It is difficult to keep friends, even in the best of times. Some betray you in any number of different ways—even spouses, as the divorce rates indicate. Others move away. Some become busy with new lives: spouses, children, jobs. Some must choose sides after a divorce. And some are alienated from their children by the custodial parent, usually the wife. Some find more useful connections. Friendship is often utilitarian.

Some may stick by you through thick and thin. The Three Musketeers are an example, albeit fictitious. “All for one and one for all.” This is echoed in the military, notably in Stephen Ambrose’s Band of Brothers.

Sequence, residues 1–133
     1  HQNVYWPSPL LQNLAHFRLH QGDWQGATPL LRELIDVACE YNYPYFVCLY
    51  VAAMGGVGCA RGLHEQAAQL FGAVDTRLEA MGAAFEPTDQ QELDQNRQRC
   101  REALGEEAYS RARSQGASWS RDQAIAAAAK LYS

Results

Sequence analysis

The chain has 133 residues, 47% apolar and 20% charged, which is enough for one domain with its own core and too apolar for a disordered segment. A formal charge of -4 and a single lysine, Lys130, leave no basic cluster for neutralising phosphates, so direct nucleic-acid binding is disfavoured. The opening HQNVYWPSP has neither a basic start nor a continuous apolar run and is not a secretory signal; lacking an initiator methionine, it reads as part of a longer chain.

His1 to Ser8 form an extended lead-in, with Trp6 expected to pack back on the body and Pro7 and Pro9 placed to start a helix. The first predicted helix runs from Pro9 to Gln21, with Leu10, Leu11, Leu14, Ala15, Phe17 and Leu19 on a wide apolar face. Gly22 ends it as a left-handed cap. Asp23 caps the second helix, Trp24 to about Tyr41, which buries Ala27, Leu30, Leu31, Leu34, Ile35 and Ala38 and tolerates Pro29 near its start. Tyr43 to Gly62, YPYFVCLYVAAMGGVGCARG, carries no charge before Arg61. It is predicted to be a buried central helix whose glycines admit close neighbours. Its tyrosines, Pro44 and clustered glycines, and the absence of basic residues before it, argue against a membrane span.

Sometimes family is all that is left. As the saying goes: “Blood is thicker than water.” Yes, but it is not glue. It is soluble, due to both geographic and social mobility, the generational estrangement of either parents or children due to any number of factors, at worst resulting in so-called “honour killings."

Hence, all these feelings of isolation and loneliness. Women seem better protected with more friends and more open communication, perhaps. Similar loneliness rates prevail in the Psychology Today survey, but then men might not admit to it. At any rate, women have much lower suicide (and homicide) rates, which seems like better mental health.

Conclusion